Her face, in contrast, was oilier than one of her adolescent patients’, and she hoarded hair bands in her pockets, purse, and car to keep her thick hair away from its inexplicably slick surface. In the procedure room, when she would be assigned the task of holding down a squirming child for an IV, or if she was struggling to find a fat infant’s rubbery veins under of the chief residents’ critical eyes, she would often feel the oil and sweat pouring down from her hairline, trickling under her glasses, making everything hot and cloudy, like the surface of some misty alien planet.

She hoarded astringent, perfume and deodorant, all of which she used in abundance, and to seemingly little effect. She took long, warm showers as soon as she got home, and soon used up those tiny floral soaps she had been hoarding for years. For her birthday, she asked specifically for a basket of them from one of those stores in the mall that specialized in giddy floral aromas and overflowing gift displays. But no matter how much she bathed, or how expensive her soap, her nose seemed filled with the smells of the hospital, the sick, and her own stale and sticky body. The only time she ever remembered being so disgusted by her own stink was during Gross Anatomy, when the cloy of Formalin seemed to glom onto her skin, under her nails, and in her very nostril hairs.

She did not hoard sight and sound but rather hid from them. The too bright fluorescent lights, everything stark and bare, the same at 7am as at 2am. True, there were images of bears and butterflies on the walls, but their cartoonish faces were slightly menacing, like clowns with too red, too wide smiles (even as a little girl, she had never liked clowns). Sounds were worse: the incessant crying, the overhead paging and beeping, the shouting of angry mothers and nurses for all the things she had done wrong that day— the delayed orders for pain medication, the incorrectly taped (and now fallen out) IVs. Worse still was the sound of professional humiliation—‘pimping’ by senior residents or attendings who knew you didn’t know and kept asking you anyway. Sometimes, she walked around with imaginary fingers in her ears so that mouths moved but no sounds came out. She hoarded that albeit artificial tranquility.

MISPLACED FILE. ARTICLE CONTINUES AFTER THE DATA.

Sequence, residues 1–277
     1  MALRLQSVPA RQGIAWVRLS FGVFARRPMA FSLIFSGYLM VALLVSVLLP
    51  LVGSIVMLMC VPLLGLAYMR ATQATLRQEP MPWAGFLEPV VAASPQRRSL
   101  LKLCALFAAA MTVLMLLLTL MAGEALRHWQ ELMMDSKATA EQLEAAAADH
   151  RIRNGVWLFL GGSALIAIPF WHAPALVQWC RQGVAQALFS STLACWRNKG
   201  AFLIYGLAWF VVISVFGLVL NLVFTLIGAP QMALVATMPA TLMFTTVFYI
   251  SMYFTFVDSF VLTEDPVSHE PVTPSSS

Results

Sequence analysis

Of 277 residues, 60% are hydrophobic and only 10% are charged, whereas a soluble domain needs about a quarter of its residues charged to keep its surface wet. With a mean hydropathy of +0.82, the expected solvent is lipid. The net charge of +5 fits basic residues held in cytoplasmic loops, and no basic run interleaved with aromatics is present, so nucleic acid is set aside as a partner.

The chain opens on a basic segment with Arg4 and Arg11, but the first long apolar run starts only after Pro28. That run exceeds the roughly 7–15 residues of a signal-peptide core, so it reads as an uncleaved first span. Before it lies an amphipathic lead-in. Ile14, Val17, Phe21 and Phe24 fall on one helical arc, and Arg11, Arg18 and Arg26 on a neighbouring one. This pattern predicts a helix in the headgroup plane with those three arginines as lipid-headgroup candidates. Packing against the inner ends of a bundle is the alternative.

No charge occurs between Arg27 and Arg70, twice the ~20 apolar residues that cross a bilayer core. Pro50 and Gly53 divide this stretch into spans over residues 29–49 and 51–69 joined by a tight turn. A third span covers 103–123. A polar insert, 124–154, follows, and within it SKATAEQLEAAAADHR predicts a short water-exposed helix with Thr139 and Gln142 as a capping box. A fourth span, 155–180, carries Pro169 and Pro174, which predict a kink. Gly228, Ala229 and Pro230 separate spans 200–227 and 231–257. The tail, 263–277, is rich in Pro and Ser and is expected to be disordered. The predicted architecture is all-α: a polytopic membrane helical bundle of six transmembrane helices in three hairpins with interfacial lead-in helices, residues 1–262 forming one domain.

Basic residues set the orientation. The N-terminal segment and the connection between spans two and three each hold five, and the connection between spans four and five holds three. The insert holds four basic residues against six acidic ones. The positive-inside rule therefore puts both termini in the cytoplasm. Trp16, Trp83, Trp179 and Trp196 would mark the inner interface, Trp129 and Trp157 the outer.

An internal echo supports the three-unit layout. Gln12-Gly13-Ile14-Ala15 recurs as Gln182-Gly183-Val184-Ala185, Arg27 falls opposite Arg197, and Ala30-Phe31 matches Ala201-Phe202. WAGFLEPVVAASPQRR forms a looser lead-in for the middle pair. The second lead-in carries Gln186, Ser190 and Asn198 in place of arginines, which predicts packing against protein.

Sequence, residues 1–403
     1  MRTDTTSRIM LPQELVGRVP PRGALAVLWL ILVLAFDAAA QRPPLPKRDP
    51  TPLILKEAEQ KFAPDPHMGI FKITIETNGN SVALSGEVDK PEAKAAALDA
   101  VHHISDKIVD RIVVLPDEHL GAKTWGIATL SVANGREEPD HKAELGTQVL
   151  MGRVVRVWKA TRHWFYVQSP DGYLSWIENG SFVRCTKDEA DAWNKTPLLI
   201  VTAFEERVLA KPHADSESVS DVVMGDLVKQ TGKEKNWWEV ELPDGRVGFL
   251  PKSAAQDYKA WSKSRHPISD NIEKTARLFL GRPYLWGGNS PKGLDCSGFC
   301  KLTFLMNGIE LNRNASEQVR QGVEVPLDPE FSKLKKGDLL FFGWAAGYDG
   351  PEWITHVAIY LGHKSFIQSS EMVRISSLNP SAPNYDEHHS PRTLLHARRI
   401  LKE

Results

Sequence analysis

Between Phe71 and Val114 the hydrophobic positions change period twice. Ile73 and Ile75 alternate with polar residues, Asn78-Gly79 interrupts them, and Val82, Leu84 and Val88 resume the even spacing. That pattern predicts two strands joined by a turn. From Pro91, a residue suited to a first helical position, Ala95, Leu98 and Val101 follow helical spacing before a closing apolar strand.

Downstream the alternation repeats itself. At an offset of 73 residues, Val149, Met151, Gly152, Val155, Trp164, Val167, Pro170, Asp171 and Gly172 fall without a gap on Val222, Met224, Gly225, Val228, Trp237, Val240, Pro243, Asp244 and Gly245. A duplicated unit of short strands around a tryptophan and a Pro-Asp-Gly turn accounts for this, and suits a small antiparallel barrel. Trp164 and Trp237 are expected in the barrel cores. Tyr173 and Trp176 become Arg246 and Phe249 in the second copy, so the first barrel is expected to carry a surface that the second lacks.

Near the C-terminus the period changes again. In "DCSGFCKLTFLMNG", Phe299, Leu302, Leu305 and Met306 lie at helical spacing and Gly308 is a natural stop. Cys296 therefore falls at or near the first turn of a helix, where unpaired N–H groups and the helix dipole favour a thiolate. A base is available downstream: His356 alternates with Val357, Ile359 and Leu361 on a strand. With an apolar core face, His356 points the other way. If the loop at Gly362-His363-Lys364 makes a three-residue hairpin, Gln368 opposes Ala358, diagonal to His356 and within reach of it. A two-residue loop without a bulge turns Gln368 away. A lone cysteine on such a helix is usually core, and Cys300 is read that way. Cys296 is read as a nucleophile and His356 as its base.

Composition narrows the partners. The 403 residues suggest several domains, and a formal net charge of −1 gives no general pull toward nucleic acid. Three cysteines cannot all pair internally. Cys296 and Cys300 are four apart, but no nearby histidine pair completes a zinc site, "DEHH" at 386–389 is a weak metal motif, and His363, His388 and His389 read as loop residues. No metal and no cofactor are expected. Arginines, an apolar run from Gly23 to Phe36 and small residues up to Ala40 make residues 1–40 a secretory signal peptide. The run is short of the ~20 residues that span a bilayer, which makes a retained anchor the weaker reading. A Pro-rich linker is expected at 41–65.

She hoarded her comfortable clogs, her absorbent socks, and her Victoria’s Secret cotton underwear. There was no purpose in frilly undergarments that might ride up under scrub pants during a tense trip to the ICU. Yet, there seemed to be undue anxiety on the part of her august institution lest she make a less practical choice of attire. In fact, the resident handbook had a bizarrely complex set of dress codes – such that men were discouraged from wearing their hair long, growing beards, wearing jeans or T-shirts. Women, on the other hand, were chastened to avoid open toe shoes, skirts above the knee and shirts unbuttoned below the “sternomanubrial junction.” Women were to wear their V neck scrubs turned to the back, no rings in excess of a wedding band, and no long nails or “creatively colorful” nail polish. Clearly, the hospital was distressed at the thought of a breast popping out during a code, or a lawsuit by someone poked in the eye with a rhinestoned nail or diamond ring. None of it seemed to apply to her anyway—half the time she didn’t remember she was a woman. Her entire body was usually ensconced in a two sizes too big unisex white coat, with roll-up-able sleeves and too big pockets for all the things she was hoarding.

She hoarded sex, or at least, her memories of sex. The actual experience was few and far between. In fact, most of the time, she resented sex, not just because of the sleep she lost (which she calculated down to the minute on the glowing red digital clock) but its newfound difficulties. Whereas sex had once been mellow and honey-smooth, the combination of sleeplessness and stress had morphed intimacy  into a jabbing and fearsome experience—a spiky medieval mace in her nether-regions  If only she had kept quiet, perhaps her husband would not have lost so much interest after a mere six months of marriage. Crying during intimacy, as it turned out, was not such a turn on for men. Worse still, her traitorous body seemed to have a malicious sense of humor; despite all the pain, she often found herself yearning—aching—to be touched. So she hoarded her dusty recollections of physical pleasure. In fact, the memory of being wanted would creep up on her at the most unexpected of times; when running a blood gas to the lab, calling a surgical consult, being awakened to rewrite a Tylenol order for the twentieth time. It trickled hotly, shamefully, through her brittle veins like some lugubrious IV medication. She hoarded the thought, “Here I am no one, but in another place, another time, I have been loved.”